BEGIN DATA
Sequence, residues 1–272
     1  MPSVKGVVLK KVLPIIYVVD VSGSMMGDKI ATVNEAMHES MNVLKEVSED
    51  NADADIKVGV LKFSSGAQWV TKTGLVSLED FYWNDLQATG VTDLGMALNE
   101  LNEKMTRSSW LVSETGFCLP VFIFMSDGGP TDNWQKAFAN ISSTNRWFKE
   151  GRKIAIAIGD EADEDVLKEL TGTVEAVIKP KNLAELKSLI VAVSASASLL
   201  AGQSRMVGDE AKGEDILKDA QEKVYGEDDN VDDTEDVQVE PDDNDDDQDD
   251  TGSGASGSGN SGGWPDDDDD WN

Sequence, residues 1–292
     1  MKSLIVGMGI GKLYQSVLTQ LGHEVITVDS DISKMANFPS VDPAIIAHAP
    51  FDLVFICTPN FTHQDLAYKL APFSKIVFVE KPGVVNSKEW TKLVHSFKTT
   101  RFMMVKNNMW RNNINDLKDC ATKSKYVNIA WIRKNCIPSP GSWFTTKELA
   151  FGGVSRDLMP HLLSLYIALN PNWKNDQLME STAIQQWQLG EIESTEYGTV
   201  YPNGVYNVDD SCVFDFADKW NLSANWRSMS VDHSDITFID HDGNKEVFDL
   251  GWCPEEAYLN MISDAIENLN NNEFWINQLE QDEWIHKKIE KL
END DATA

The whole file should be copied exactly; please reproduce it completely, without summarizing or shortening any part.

Sequence, residues 1–272
     1  MPSVKGVVLK KVLPIIYVVD VSGSMMGDKI ATVNEAMHES MNVLKEVSED
    51  NADADIKVGV LKFSSGAQWV TKTGLVSLED FYWNDLQATG VTDLGMALNE
   101  LNEKMTRSSW LVSETGFCLP VFIFMSDGGP TDNWQKAFAN ISSTNRWFKE
   151  GRKIAIAIGD EADEDVLKEL TGTVEAVIKP KNLAELKSLI VAVSASASLL
   201  AGQSRMVGDE AKGEDILKDA QEKVYGEDDN VDDTEDVQVE PDDNDDDQDD
   251  TGSGASGSGN SGGWPDDDDD WN

Sequence, residues 1–292
     1  MKSLIVGMGI GKLYQSVLTQ LGHEVITVDS DISKMANFPS VDPAIIAHAP
    51  FDLVFICTPN FTHQDLAYKL APFSKIVFVE KPGVVNSKEW TKLVHSFKTT
   101  RFMMVKNNMW RNNINDLKDC ATKSKYVNIA WIRKNCIPSP GSWFTTKELA
   151  FGGVSRDLMP HLLSLYIALN PNWKNDQLME STAIQQWQLG EIESTEYGTV
   201  YPNGVYNVDD SCVFDFADKW NLSANWRSMS VDHSDITFID HDGNKEVFDL
   251  GWCPEEAYLN MISDAIENLN NNEFWINQLE QDEWIHKKIE KL